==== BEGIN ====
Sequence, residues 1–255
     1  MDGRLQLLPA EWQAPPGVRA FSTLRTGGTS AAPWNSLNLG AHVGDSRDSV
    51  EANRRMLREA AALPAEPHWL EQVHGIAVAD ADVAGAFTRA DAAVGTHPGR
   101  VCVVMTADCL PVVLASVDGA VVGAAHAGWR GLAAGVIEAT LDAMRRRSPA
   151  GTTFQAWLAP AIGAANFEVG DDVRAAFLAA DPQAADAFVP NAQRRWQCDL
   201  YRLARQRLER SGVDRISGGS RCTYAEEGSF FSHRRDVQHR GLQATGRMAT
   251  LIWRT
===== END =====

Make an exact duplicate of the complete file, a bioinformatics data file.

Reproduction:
Sequence, residues 1–255
     1  MDGRLQLLPA EWQAPPGVRA FSTLRTGGTS AAPWNSLNLG AHVGDSRDSV
    51  EANRRMLREA AALPAEPHWL EQVHGIAVAD ADVAGAFTRA DAAVGTHPGR
   101  VCVVMTADCL PVVLASVDGA VVGAAHAGWR GLAAGVIEAT LDAMRRRSPA
   151  GTTFQAWLAP AIGAANFEVG DDVRAAFLAA DPQAADAFVP NAQRRWQCDL
   201  YRLARQRLER SGVDRISGGS RCTYAEEGSF FSHRRDVQHR GLQATGRMAT
   251  LIWRT